Reviews — From the September 2015 issue

Joint Ventures

How sneakers became high fashion and big business

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Discussed in this essay:

Where’d You Get Those? New York City’s Sneaker Culture 1960–1987. Tenth Anniversary Edition, by Bobbito Garcia. Testify Books. 280 pages. $40.

Out of the Box: The Rise of Sneaker Culture, by Elizabeth Semmelhack. Rizzoli. 256 pages. $45.

Sneakerheadz, directed by David T. Friendly and Mick Partridge. Friendly Films/Jump Films, 2015. 70 minutes.

Say you were a city kid growing up in America. Say you wanted to show off your grace and speed, your skills and creativity, your vision and stroke and raw power. You wanted to break laws and defy gravity. But you needed ankle support, and it was helpful to not burn the hell out of your soles. A good basketball sneaker mattered.

In 1923 Converse put the name of one of their salesmen, a balding white guy called Charles “Chuck” Taylor, on the side of a sneaker, but the Seventies saw corporate America finally acknowledge urban influence, the city game. Black players started getting paid to endorse basketball shoes: first Kareem Abdul-Jabbar, jazz fluid and unstoppable, with his picture on the tongue of an Adidas high-top; then Knicks guard Walt Frazier rocking low-top suede Pumas; then high-flying, superbly Afroed, ferociously goateed Julius Erving, who wore leather Converses with dr. j printed above the outsoles. Most sneakers of the era looked similar: leather or canvas or mesh, some with ankle support, always a layer of colored, vulcanized rubber for the sole. Nevertheless, your kicks announced your style, the fact that you belonged to a particular world, or at least that you wanted to belong.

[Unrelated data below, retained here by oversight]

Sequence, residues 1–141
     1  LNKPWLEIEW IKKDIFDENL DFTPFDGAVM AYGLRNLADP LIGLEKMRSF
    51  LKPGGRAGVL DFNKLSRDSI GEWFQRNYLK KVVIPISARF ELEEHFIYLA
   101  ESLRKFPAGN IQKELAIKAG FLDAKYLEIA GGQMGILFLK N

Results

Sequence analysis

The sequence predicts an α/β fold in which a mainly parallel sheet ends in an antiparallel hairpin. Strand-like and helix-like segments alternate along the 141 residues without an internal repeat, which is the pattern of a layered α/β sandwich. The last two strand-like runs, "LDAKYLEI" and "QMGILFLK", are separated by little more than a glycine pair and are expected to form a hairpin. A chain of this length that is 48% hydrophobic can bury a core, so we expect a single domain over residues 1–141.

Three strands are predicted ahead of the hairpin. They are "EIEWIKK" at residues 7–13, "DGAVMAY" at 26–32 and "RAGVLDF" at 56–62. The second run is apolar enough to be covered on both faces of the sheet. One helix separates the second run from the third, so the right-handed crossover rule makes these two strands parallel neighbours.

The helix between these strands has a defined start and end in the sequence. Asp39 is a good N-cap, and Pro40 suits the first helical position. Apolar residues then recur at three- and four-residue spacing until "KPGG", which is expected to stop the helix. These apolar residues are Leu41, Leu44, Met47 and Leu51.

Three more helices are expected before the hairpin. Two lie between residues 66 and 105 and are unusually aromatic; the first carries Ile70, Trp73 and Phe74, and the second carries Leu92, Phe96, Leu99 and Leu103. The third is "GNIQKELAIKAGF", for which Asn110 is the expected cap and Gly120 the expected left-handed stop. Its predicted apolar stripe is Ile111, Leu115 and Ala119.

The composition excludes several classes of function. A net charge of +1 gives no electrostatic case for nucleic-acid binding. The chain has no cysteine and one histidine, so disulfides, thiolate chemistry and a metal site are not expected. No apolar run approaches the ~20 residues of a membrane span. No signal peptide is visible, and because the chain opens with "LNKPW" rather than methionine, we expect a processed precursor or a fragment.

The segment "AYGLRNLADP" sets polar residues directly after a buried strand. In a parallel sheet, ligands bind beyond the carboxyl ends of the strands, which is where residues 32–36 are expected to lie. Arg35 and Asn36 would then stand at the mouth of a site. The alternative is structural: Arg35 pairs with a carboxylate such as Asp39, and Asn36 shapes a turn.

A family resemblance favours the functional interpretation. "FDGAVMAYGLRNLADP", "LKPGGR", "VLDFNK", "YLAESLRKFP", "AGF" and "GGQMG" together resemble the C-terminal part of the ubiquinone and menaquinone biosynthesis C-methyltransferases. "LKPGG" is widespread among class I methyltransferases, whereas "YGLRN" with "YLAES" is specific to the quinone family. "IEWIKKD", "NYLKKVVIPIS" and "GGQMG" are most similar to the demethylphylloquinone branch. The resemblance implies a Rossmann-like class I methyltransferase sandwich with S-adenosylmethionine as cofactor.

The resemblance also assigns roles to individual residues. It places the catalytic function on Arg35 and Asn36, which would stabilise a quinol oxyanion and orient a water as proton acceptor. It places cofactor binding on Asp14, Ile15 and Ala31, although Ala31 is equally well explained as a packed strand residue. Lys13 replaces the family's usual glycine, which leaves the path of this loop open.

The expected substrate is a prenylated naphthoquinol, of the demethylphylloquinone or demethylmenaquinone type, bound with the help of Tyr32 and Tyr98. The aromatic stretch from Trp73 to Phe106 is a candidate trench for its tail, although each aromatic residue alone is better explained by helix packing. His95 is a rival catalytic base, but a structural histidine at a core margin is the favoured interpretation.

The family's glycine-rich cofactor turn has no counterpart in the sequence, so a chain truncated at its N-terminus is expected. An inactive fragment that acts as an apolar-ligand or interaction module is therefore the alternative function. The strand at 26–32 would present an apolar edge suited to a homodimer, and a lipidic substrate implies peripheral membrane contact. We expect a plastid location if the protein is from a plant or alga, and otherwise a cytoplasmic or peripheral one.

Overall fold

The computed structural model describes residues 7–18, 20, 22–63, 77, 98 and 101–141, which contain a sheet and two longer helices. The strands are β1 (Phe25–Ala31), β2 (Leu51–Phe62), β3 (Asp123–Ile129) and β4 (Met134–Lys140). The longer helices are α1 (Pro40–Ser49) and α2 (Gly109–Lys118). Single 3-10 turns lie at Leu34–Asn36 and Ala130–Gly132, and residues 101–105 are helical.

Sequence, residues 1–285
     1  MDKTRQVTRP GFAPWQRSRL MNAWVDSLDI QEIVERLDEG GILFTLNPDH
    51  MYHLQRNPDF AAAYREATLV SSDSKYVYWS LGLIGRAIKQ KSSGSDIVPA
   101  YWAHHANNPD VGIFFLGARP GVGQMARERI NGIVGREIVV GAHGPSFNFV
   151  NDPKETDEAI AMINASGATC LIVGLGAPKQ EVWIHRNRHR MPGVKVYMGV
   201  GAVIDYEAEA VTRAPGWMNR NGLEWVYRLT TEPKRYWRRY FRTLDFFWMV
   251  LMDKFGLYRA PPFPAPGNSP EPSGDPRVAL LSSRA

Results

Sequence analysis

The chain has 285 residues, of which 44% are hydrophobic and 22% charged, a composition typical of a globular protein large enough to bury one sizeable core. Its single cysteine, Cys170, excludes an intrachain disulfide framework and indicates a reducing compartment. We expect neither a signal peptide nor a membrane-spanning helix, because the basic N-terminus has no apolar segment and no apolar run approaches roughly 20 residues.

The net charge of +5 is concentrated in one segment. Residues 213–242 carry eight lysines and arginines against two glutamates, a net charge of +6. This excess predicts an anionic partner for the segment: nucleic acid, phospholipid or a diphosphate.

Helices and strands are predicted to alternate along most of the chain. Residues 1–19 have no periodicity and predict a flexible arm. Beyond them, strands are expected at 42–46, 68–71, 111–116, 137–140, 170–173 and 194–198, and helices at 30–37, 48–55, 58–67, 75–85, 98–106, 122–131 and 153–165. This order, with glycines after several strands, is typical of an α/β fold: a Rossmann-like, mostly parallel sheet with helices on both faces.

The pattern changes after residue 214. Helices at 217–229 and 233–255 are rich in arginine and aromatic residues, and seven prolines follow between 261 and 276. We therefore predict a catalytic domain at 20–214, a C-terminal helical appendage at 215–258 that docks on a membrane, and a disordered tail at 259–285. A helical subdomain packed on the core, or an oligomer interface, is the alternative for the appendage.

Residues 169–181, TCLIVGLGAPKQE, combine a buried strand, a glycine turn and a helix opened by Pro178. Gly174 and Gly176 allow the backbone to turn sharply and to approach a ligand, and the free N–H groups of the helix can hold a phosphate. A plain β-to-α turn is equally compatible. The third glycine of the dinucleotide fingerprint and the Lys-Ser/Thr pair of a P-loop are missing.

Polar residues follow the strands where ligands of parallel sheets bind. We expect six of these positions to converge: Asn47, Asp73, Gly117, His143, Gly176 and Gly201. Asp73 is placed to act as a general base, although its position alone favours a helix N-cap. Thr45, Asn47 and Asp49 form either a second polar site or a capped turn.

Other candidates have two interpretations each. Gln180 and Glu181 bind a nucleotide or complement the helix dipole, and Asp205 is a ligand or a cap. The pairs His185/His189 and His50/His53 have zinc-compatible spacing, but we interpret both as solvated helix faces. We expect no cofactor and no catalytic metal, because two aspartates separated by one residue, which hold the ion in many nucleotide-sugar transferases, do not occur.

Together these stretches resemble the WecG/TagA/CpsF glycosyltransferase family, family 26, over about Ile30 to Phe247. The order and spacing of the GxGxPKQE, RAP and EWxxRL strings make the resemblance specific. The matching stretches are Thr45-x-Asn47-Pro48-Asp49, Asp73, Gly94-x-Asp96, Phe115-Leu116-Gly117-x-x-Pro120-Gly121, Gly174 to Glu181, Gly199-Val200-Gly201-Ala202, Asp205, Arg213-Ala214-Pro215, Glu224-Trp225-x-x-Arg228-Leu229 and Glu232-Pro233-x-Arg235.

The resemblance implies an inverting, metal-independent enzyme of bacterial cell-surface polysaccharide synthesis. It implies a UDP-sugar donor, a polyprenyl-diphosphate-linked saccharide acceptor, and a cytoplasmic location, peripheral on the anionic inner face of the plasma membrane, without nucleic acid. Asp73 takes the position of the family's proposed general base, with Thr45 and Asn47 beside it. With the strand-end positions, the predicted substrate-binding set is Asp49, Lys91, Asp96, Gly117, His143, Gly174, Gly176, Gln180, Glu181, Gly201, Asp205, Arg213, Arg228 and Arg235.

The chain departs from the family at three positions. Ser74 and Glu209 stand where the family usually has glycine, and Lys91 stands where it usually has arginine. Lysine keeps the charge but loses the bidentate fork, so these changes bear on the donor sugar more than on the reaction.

Dunk Low Pro SB Pigeon, 2005, by Nike x Staple Design. Photograph by @insighting. Courtesy American Federation of Arts

Dunk Low Pro SB Pigeon, 2005, by Nike x Staple Design. Photograph by @insighting. Courtesy American Federation of Arts

In 1982, Nike introduced a leather high-top with a sole whose thickness and cushioning were unprecedented in a basketball shoe. The company called it an Air Force 1 and put a little strap around the high ankle. It looked like a boot you’d wear in outer space. It stayed in production for a year, then, like most sneakers, it was retired. Until 1984, anyway, when three Baltimore retailers — they called themselves the Three Amigos — phoned Nike. Turns out, young men were still coming in and asking for Air Force 1s. The Amigos wanted more shoes, and to get them back in production they agreed to Nike’s shakedown: they ordered 2,400 pairs of sneakers and paid for them in advance. Before long, Nike was sending a monthly shipment of Air Force 1s, with a different color scheme each time, to Baltimore. Customers from Philadelphia and Harlem started making regular trips in on I-95, and they were soon joined by reps from a Bronx store known as Jew Man’s, who bought up the Amigos’ deadstock — untouched, unworn, unsold sneakers. In New York, when someone asked where you got your Air Force 1s, the answer was, inevitably, “Uptown.”

If you were really in the know, however, if you were a certain sort of New York kid — the kind of basketball junkie who scoped Sports Illustrated each week for pictures of rare shoes on college players, who traveled with an extra toothbrush and tube of toothpaste to keep your kicks unscuffed — then, eventually, you learned that for serious heat you could also head downtown, into SoHo, to a building on Broadway and Spring. You’d take a freight elevator up to the third floor, where you found the wonderland that was Carlsen Imports. “It was the closest thing to an orgasm a preteen sneaker hound could experience,” says John Merz, a.k.a. Johnny Snakeback Fever.

“Not everyone knew. Now people speak of it in hushed tones,” says Jazzy Art, another early collector. “They always had squash sneakers on display, and hot joints tucked away.” You asked if you could rummage through back shelves. You dusted off old boxes. Yo, how much for these?